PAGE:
Everything You Need to Know About Apple Cider VinegarArticle posted in: Diet & Nutrition
Whether it’s in homemade salad dressings, marinades or homemade pickles, apple cider vinegar is an essential ingredient in your low-carb kitchen. It brightens the flavor of recipes, acts as a natural preservative and imparts acidic flavor—one of the four elements needed in every balanced recipe.
Just as its name suggests, apple cider vinegar is made from crushed, distilled and fermented apples, says Harvard Health. For centuries, it’s been used to cure a variety of ailments including scurvy and infection. It’s still commonly used today as a homeopathic cleaner and disinfectant to help kill fungus and germs.
There’s a reason why this healthy pantry staple has been around for so long. Learn the facts about this simple superfood and why you should add it to your healthy lifestyle.
Apple Cider Vinegar and Weight Loss
In the last few years, the Apple Cider Vinegar Diet has become a popular idea for potential weight loss. According to Harvard Health, the diet typically consists of taking one to two teaspoons of apple cider vinegar at mealtimes. They explain that the reason for this theory might be due to the compound acetic acid, which has been shown to “prevent fat deposition” and improve the metabolism of obese mice.
In 2009, Japanese researchers wanted to see if vinegar had similar weight loss effects on humans. In a 12-week study, published in Bioscience, Biotechnology, Biochemistry, 175 men and women were randomly assigned to three groups of similar body weight, body mass index (BMI) and waist circumference. The subjects either ingested 15 milliliters of vinegar (diluted in a beverage), 30 milliliters of vinegar (also diluted) or no vinegar. At the end of the trial, the two groups who consumed vinegar experienced some weight loss and decreased triglycerides.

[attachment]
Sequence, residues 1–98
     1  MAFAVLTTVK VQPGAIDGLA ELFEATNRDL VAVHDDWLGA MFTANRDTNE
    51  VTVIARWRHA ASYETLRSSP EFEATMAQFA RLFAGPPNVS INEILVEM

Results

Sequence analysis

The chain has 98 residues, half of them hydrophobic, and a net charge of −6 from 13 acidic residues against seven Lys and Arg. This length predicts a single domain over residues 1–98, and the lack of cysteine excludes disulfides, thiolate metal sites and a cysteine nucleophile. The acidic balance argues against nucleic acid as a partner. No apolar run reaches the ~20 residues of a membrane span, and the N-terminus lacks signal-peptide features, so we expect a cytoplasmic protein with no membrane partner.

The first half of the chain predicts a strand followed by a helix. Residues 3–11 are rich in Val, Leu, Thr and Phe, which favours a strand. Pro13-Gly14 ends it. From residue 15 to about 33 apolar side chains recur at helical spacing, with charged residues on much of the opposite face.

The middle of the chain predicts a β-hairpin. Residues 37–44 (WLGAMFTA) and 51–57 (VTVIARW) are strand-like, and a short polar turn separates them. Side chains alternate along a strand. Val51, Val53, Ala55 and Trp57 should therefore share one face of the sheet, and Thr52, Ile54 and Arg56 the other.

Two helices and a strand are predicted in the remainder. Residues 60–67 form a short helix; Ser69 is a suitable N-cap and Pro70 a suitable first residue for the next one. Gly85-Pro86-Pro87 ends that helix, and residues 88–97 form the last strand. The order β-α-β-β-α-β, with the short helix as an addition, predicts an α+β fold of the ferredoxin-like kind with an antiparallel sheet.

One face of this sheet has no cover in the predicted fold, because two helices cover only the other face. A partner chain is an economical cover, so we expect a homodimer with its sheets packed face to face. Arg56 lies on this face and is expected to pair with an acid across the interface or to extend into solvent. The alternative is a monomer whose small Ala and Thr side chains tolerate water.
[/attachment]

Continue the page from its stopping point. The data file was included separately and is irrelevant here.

The Bitter Truth
Despite participants dropping some pounds in the study above, the amount of weight loss was meager; just two to four pounds at the end of the 12 weeks. There’s also no mention of how the subjects felt throughout the trial. However, in a similar study, published in the International Journal of Obesity, subjects reported nausea after ingesting vinegar. Vinegar has also been shown to cause acid reflux, erode teeth enamel and alter insulin levels.
Even though apple cider vinegar won’t dissolve your unwanted pounds, it can still be incorporated into a healthy diet. According to The University of Chicago Medicine, vinegar and vinegar-based foods contain probiotics. Probiotics are live microorganisms (commonly found in fermented foods or supplements) that are said to increase the immune system, aid in weight loss, digestive health and more, says Healthline. Raw, unfiltered varieties of vinegar contain “mother,” which consists of these probiotics, protein and enzymes.
Health professionals recommend consuming probiotic-rich foods daily, so small amounts of vinegar in SBD-approved foods can be quite beneficial to health. Here at South Beach Diet, apple cider vinegar (and all other varieties except for balsamic) is considered a Free Food. Free Foods contain 10 calories or less and no more than one gram of net carbs per serving. Feel free to mix up your own salad dressings or sauces to enhance the flavor of foods. Not sure which oil to pair with your new favorite vinegar? Click here for eight of our favorites >
In addition to its probiotic powers, vinegar can provide some helpful, healthy hacks for your life. According to Food.com, vinegar can make peeling hard-boiled eggs a breeze. They recommend adding two teaspoons to the water before boiling. Tasteofhome.com suggests using vinegar to make your own household cleaner that is a safer alternative for cleaning floors, windows, drains and dishes. They also recommend mixing it with a little dish soup to create a terrific flytrap.